Superheroes fight relentlessly to defend the world against evil. That scenario sounds like an ideal set-up where our kids can draw inspiration from - to be defenders themselves and to make this world a better place.
But a study from Brigham Young University led by Sarah M. Coyne showed how the superhero culture does the exact opposite to our kids and how it magnifies aggressive behavior.
“So many preschoolers are into superheroes and so many parents think that the superhero culture will help their kids defend others and be nicer to their peers,” Coyne said, “but our study shows the exact opposite. Kids pick up on the aggressive themes and not the defending ones.”
In fact, the study found that those children who are more engrossed with the superhero culture than their peers can be more aggressive physically and with other forms of aggression.
It is easy to say that these kids who watch these superheroes defend people may become defenders themselves. But the study showed that these kids may actually condone bullying or at least tolerate it.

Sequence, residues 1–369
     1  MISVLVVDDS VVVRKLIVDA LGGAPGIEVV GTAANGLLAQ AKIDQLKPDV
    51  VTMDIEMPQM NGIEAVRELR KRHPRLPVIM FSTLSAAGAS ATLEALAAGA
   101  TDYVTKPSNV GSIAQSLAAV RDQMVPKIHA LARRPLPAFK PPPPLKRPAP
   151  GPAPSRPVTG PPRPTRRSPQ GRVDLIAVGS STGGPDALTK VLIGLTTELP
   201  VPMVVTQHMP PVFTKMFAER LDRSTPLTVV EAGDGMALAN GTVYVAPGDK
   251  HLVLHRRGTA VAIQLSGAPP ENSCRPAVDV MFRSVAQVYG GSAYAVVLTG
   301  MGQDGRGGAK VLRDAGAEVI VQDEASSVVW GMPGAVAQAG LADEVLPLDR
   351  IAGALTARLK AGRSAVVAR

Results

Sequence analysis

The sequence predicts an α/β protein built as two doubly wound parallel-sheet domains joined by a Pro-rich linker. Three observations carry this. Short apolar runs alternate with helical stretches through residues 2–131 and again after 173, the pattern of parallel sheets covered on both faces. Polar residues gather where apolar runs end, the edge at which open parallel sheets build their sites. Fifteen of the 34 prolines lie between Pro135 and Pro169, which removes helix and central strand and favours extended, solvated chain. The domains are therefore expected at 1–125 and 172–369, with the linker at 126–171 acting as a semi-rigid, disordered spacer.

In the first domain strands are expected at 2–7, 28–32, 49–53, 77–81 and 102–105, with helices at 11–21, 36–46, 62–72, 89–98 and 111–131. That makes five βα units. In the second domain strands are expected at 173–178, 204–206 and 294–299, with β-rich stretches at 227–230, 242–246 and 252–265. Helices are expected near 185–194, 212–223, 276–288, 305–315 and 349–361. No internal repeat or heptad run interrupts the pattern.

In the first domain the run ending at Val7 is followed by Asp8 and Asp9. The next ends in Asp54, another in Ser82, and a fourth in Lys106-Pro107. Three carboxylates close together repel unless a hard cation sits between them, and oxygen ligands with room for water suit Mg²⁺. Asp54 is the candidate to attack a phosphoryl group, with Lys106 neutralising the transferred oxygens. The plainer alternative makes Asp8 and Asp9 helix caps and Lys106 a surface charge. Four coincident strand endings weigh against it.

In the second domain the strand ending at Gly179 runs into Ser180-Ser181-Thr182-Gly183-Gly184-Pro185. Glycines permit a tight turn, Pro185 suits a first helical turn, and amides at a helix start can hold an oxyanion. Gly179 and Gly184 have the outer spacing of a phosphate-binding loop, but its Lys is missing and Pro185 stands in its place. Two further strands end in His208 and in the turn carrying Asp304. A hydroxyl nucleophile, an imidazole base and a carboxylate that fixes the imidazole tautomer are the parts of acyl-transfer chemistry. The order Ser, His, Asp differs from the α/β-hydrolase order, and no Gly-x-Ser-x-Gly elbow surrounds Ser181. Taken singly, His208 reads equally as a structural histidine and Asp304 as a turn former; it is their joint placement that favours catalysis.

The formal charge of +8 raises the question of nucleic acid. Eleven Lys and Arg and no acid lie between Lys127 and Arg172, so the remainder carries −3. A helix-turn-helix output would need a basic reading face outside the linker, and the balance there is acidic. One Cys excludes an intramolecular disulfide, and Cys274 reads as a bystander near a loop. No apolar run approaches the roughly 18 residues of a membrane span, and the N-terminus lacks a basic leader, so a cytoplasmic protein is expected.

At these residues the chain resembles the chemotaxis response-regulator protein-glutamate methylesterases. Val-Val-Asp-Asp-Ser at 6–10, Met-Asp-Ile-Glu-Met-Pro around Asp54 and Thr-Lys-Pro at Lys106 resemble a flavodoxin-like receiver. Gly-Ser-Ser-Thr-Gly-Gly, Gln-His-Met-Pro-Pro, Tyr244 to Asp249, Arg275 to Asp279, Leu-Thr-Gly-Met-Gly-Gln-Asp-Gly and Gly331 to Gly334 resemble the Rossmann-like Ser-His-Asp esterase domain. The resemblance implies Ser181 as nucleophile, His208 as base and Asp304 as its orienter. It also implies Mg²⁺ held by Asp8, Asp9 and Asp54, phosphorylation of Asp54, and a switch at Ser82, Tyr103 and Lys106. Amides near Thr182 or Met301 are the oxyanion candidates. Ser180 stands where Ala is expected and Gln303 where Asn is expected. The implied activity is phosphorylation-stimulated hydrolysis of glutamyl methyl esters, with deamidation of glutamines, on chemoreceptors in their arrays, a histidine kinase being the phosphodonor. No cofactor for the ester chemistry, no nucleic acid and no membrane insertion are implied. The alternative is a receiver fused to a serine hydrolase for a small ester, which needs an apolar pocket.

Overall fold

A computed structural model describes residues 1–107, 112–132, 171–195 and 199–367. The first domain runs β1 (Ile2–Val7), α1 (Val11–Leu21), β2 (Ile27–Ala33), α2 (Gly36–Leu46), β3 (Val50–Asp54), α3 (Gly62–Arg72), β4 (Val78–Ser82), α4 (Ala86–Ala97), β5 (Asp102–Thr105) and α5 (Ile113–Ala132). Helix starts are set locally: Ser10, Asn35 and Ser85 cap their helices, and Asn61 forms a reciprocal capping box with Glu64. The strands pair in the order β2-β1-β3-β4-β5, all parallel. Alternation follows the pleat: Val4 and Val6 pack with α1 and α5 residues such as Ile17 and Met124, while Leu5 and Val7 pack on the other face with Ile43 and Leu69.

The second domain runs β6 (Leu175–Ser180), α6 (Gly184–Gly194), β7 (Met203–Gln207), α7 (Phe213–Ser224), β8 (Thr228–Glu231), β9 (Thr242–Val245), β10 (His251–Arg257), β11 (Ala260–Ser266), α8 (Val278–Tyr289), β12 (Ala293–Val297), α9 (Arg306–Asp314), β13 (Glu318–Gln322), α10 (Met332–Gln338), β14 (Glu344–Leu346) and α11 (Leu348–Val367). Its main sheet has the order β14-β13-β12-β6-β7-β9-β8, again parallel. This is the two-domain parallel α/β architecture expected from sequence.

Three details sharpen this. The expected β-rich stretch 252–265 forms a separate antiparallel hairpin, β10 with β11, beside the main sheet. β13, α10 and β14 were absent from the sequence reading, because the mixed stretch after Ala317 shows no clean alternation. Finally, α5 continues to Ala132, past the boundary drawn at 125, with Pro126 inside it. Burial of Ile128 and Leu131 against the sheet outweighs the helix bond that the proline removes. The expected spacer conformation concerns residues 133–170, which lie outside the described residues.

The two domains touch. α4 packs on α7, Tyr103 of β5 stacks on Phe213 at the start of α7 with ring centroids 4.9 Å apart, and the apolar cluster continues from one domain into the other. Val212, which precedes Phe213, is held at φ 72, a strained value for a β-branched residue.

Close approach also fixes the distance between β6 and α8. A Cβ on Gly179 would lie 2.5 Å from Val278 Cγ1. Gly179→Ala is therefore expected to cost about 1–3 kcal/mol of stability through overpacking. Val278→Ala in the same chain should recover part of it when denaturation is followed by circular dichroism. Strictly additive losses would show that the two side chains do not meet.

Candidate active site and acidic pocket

“Have your kids involved in all sorts of activities, and just have superheroes be one of many, many things that they like to do and engage with,” Coyne suggested.
Coyne explained that the superhero narrative that the media portrays is so complex for younger children to grasp. It may be hard for them to extract the moral of the story beyond the violence and aggression in the story line.
The researchers published their study in Journal of Abnormal Child Psychology.
See: School Principals Shape Children’s Behavior Greater Than What We Think